One of the industries hardest hit by the continuing public health emergency are nursing homes. Even before a deadly virus entered the United States, these types of care facilities were already under investigation over allegations of neglect and abuse.
Making a complaint to the California Department of Public Health (CDPH) should be the start of not only advocacy on behalf of the resident or loved one, but also an investigation to get to the facts.
A Drop-Off in Addressing Valid Complaints
During the first four months of the pandemic, complaints have been on the decline, with less than three percent substantiated. Out of the 739 grievances, 21 were substantiated. Last year, substantiated complaints were near 1,300 out of 3,240 reported.
The timing of the significant drop-off coincides with federal authorities ceasing annual inspections and investigations. Instead, the focus turn to controlling infections and allegations of misconduct, including any fatalities.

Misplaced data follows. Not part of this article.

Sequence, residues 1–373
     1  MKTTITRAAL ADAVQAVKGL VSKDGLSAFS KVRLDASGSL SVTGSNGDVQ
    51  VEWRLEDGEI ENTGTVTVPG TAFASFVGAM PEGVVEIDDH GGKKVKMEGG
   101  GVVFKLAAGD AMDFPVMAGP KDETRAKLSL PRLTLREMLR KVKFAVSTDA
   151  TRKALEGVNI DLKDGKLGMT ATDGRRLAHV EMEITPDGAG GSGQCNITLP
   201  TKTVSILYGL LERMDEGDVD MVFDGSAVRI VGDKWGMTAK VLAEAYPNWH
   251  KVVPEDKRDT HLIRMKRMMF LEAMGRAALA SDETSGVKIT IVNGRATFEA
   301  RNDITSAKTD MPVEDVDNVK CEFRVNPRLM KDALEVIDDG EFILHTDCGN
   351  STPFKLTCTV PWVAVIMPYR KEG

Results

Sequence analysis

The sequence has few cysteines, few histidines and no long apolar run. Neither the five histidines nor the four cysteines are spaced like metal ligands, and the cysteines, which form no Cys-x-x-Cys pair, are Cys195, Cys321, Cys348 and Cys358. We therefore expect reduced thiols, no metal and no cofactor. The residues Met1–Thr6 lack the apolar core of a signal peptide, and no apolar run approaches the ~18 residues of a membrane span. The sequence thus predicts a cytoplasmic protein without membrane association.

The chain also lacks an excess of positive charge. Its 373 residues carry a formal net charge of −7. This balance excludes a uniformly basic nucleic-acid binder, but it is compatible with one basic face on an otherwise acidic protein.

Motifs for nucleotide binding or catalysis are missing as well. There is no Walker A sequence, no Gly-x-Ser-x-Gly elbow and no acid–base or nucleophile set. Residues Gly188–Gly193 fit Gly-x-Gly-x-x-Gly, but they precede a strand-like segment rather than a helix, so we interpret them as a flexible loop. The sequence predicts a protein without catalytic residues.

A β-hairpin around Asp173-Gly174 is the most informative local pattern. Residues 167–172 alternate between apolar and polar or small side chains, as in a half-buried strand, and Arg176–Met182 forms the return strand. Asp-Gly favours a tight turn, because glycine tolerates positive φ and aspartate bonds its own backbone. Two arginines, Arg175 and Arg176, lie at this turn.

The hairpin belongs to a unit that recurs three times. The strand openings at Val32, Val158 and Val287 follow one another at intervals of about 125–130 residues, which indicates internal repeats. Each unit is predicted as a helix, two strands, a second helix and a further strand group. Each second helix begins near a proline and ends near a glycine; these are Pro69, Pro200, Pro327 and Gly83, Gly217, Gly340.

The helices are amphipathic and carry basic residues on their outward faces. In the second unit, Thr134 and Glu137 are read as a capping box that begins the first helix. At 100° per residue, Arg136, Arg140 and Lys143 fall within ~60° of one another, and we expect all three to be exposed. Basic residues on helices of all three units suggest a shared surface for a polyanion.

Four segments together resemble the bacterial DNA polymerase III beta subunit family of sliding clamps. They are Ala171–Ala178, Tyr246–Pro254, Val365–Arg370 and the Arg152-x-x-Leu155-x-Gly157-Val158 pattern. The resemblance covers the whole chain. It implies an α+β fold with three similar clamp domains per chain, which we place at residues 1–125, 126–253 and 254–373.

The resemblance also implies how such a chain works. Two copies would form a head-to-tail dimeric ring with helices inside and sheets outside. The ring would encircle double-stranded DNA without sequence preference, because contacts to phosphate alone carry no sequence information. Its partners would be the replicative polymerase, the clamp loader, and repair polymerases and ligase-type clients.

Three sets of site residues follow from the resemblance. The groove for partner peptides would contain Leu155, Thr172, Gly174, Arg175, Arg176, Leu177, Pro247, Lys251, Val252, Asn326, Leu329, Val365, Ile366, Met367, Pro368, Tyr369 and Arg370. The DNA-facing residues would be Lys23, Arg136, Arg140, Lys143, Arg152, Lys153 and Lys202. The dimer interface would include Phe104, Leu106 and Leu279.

Another factor is the lack of visits from family, friends, and those who serve in advocacy roles. Being locked down effectively shut down the sources of complaints. With some facilities re-opening their doors, valid issues could once again arise and perhaps be substantiated.
There is growing concern that the policing of the industry is falling woefully short during a challenging and frightening time. The priority should be ensuring the safety and well-being of elderly and disabled residents. That demographic is most susceptible to contracting COVID-19, not to mention abusive actions and outright neglect by facility staff.